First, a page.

The vending machine to the left is full of gumballs in the shape of watermelons; the one to the right hawks grape jawbreakers. The candy in these machines is bright, monochromatic, and simple. You suck it and it’s gone.
The vending machine in the middle holds G’d out B boys, scantily clad fly girls, pit bulls wearing sunglasses, and policemen eating donuts, all piled up on top of each other, encased in plastic bubbles. Some of the characters are grimacing and beefy, like linebackers; others are grinning, thin, and wily. Zoot suits, trench coats, baggy pants, basketball jerseys, leather jackets their attire is as varied as their facial expressions. There’s a whole barrio in there, and one by one, they funnel out of the vending machine’s opening at the drop of two quarters.
Since their arrival in 1998, Homies plastic figurines under two inches tall have drawn criticism for their decidedly urban, inner city Latino look. Detractors see Homies as itsy bitsy toys that glamorize gang lifestyle. What parent, after all, would want his or her child playing with Payday, who wears a gold dollar sign medallion, smokes a cigar, and has cash sticking out of his pockets? Or Wino, a rumpled Homie in a stocking cap who clutches a bottle of cheap wine in a paper bag?
The playful 3D thumbnail sketches of Chicano lowrider culture have become quite a presence since their debut. Homies can be spotted on eBay, in Snoop Dogg’s video for “From tha Chuuuch to da Palace,” and in vending machines across the country. People tend to love them or hate them, or not be aware that they exist.
Homies have a curious position in the toy industry. Hipster adults in their 20s have taken to collecting Homies just as much as kids have. They’ve become an underground phenomenon and a gigantic cash cow selling millions of figurines and spawning a whole family of tie ins. But unlike the blatant fantasy element implicit in most toy figurine series, Homies take their cue from reality and depict a cultural identity in a manner that’s both vibrant and controversial.
We have artist and Homies creator David Gonzales, a Richmond native, to thank. Gonzales’ company, Gonzales Graphics, has been producing lowrider , Aztec , and religious inspired stickers and T shirts for well over a decade and is widely recognized as a pioneer business in the lowrider industry.
Homies can be traced to Gonzales’ in class high school doodles, where he drew a cartoon version of himself in the comic strip “The Adventures of Chico Loco,” later renamed “The Adventures of Hollywood,” after Gonzales’ nickname. Hollywood and his friends Smiley, Pelon, and Bobby Loco starred in what became the original Homies comic strip, which ran as a regular feature in Lowrider magazine.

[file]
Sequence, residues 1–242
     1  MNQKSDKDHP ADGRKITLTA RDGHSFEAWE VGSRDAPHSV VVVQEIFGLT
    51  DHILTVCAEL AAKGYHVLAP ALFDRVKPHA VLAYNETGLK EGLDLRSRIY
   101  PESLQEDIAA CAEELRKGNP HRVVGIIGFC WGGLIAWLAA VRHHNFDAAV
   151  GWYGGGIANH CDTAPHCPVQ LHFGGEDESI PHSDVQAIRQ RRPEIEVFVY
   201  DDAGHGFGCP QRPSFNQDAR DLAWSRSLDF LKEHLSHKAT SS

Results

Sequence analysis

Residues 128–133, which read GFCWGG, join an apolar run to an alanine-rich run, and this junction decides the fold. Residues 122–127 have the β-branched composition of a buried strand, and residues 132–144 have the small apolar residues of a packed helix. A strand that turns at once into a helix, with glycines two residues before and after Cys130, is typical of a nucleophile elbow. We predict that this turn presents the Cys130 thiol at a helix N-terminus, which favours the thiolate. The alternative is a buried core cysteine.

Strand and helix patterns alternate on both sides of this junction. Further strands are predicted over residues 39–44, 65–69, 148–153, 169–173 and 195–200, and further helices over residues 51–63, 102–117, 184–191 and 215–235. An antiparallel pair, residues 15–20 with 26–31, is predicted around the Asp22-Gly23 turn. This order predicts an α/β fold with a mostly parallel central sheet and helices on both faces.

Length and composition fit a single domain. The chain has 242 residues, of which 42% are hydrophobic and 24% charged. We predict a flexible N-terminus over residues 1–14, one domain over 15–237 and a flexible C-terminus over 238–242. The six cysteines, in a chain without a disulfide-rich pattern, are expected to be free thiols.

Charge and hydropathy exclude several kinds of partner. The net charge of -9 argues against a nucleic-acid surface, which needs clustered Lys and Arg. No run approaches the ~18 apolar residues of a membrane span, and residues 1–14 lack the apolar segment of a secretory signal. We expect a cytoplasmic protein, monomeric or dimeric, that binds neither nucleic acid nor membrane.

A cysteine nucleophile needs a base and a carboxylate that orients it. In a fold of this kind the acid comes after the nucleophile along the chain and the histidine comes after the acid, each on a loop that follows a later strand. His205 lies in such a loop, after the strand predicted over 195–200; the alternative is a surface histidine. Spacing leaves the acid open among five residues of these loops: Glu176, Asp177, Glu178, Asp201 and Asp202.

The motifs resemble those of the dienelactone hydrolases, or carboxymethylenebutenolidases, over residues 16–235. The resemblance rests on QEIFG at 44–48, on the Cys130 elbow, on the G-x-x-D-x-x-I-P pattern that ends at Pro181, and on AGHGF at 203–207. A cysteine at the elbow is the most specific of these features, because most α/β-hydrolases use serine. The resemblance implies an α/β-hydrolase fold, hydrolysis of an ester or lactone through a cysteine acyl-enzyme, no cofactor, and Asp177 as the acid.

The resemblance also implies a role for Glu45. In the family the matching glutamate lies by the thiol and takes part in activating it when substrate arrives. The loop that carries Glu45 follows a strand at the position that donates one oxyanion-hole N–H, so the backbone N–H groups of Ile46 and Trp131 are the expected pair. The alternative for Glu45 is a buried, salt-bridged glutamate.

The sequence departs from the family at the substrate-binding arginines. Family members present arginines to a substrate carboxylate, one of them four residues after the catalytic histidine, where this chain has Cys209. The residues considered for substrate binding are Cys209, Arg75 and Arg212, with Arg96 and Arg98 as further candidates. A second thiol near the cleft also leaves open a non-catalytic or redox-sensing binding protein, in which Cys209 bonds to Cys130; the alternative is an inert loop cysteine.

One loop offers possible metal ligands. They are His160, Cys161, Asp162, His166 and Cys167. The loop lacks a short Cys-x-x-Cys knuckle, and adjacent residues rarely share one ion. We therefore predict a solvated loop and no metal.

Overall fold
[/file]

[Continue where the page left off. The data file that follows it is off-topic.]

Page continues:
In 1998 the first series of Homies figurines Eight Ball, Smiley, Big Loco, Droopy, Sapo, and Mr. Raza went on the market. A million Homies sold in four short months. Four series of Homies have come out since, totaling over 100 characters. They are sold not just in California and New York, but Utah, Washington, North Carolina, Iowa, and Ohio, a state about as Latino as Scandinavia. There are even a few Homies collectors in Scandinavia.
Back in 1999, when Homies were new on the scene, the Los Angeles Police Department was afraid that children were the ones buying the toys, and claimed that the Homies were clearly designed to glorify gang members. Some schools banned Homies, and a few retailers, including Vallarta Supermarkets in Los Angeles County, stopped carrying the toys. All of the publicity that came along with the controversy pushed Homies and Gonzales into the spotlight, and the Homies’ infamy grew. Eventually, all of the media fuss died down and Homies sales went up, up, up.
With some of the Homies’ vato outfits and tough guy stances, the figurines can be startling on first sight. But once the shock wears off, Homies reveal a great deal of charm, and it’s that offbeat combination of shock and charm that keeps collectors coming back to vending machines to fish for the newest releases. Purchased loose from a store or a vending machine, Homies don’t come with packaging to put them in a context which can work against them, since an offering of the more thuggish Homies mugging their standoffish poses does pack some shock value. barrio of Quien Sabe.
Every Homie has a bio, and through reading these you discover, for example, that the intimidating Big Loco, a muscle bound vato in baggy pants and suspenders, no shirt, and a wide bandanna, is an ex gang member who got his degree in social work while at Folsom, and now he’s a youth gang counselor. Willie G., commonly known as the “wheelchair Homie,” is likewise an ex gangster who turned his life around and is now a handicapped youth counselor. Paralyzed from the waste down, Willie works with the Homie Outreach program run by Big Loco.
Most of the bios, however, are lighthearted and goofy. Sapo (Spanish for “frog”) is a short, droopy Homie who eats a lot of Mexican food and farts uncontrollably.